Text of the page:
Alan Wilkinson take free jazz as the starting point of their journey
while Volcano the Bear take their arsenal of instruments to create
“ritual out of absurd humour and free association”. Collective
Avarus and female band Kuupuu represent the new Finnish underground.

The Potlatch club will bring two British and two Finnish acts to
the stage. The four acts all base their music on improvisation, but
the results are wildly divergent. Eddie Prévost and
Alan Wilkinson take free jazz as the starting point for a
journey into the core of heat. With their arsenal of instruments,
Volcano the Bear creates a ritual out of absurd humour and
free association. The Finnish collective Avarus confounds the
audience with its concoction of spontaneous and energetic
improvisation, while Kuupuu investigates rich textures of tone
and timbre, representing the female power of the new Finnish

Avanto Festival

Full programme:

Cover story Misc

The grandchildren of Bodom

{mosimage}In the summer of 1960 three teenagers were savagely murdered while
camping by the shore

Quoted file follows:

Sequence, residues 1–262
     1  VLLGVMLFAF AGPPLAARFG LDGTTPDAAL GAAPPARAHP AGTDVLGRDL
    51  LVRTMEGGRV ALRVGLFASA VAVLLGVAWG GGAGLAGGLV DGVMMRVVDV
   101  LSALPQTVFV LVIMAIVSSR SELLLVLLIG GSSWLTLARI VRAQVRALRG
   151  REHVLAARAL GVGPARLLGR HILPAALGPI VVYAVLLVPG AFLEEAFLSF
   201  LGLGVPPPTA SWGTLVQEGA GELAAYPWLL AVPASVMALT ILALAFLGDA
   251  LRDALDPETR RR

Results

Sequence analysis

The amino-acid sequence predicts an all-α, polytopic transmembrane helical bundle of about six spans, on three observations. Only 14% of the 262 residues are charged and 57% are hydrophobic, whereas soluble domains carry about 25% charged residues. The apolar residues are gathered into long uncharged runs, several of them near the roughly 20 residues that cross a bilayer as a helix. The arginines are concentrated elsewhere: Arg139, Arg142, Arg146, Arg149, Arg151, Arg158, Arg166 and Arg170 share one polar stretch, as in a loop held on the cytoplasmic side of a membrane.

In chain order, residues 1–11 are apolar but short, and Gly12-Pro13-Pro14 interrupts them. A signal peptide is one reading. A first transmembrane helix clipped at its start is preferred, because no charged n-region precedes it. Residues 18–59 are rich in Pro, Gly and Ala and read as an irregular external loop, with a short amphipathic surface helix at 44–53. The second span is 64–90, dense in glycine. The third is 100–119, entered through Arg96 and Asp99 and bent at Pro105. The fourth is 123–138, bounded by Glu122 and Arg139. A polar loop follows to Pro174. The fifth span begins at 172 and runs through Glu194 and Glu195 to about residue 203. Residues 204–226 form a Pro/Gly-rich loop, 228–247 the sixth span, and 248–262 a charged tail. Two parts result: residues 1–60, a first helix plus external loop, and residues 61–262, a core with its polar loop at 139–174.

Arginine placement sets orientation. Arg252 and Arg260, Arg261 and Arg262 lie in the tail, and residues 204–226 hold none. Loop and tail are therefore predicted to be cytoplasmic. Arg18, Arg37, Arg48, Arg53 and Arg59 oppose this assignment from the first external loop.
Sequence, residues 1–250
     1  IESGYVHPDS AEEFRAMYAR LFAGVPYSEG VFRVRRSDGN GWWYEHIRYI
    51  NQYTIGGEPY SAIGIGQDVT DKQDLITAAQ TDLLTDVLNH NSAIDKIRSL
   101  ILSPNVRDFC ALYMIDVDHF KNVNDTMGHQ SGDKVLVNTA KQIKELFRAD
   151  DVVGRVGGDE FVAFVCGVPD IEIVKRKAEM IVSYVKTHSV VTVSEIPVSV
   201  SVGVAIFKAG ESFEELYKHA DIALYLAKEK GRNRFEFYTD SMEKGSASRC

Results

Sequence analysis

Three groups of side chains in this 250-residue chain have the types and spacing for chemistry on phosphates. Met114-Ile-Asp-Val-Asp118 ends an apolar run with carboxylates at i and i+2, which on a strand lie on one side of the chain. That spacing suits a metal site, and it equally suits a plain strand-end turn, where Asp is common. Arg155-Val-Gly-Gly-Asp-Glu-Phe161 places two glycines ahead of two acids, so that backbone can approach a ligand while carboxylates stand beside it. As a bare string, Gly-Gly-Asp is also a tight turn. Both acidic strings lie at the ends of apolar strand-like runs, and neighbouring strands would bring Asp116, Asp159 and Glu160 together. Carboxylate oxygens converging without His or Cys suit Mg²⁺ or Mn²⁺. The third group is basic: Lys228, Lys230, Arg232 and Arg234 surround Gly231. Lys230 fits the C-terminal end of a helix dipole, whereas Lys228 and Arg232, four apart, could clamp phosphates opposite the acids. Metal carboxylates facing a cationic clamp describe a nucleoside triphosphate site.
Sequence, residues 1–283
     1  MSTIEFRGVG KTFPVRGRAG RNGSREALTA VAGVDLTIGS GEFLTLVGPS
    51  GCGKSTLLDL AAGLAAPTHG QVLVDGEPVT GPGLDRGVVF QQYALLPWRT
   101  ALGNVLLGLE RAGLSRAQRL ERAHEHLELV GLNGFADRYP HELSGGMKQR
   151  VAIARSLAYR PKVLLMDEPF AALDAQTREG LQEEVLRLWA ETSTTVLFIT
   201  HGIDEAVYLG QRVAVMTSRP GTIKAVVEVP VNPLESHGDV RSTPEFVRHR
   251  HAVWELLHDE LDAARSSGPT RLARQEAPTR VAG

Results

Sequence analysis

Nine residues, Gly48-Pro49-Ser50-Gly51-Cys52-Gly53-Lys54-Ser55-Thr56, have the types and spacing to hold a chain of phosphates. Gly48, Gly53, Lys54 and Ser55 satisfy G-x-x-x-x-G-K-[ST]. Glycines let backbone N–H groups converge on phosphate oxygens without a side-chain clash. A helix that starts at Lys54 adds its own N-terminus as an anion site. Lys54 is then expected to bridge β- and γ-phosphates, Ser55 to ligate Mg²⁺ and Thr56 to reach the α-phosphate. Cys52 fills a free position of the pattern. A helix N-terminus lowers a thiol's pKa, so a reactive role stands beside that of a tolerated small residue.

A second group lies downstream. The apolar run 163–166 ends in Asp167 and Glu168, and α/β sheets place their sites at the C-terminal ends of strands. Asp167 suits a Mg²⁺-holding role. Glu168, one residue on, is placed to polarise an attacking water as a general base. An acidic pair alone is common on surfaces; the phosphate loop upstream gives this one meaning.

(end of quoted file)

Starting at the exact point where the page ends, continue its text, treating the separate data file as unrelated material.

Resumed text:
of Bodom Lake, in Espoo.
47 years later, the case is still unsolved, but not at all forgotten by the
Finnish public opinion.


Catchy name for a metal band

For most of the people, especially the non-Finnish readers and those
living outside Finland, the tragedy of Lake Bodom is known mainly by the huge
popularity of Finnish metal band Children of Bodom; while searching for
an adequate name in the offices of Spinefarm, their record label, in
Helsinki, somebody advised them to relate the band’s name to Bodom (the band
members lived near the area and had heard stories about the Bodom legend since
their childhood). Of course the quality of the music did the rest, but it
cannot be denied that their particular name got them immersed in a much
appropriated mystic aureole that would involve their music in a dark and
mysterious spirit. The band dedicates in every album at least one song to the
events happened almost 5 decades ago, and amazingly they had never been sued or
received a formal complaint by any relatives of the victims about the use of
such a macabre name. 

But probably, many of you cannot have much clear idea of what really
happened there, apart from the fact that some youngsters were killed. The
number of victims was 3:  Maila Irmeli
and Anja Tuulikki Mäki, both 15 years old at the time and Seppo
Antero Boisman
, 18 years old at the time. There was a fourth young guy camping
there: Nils Wilhelm Gustaffson, 18 years old at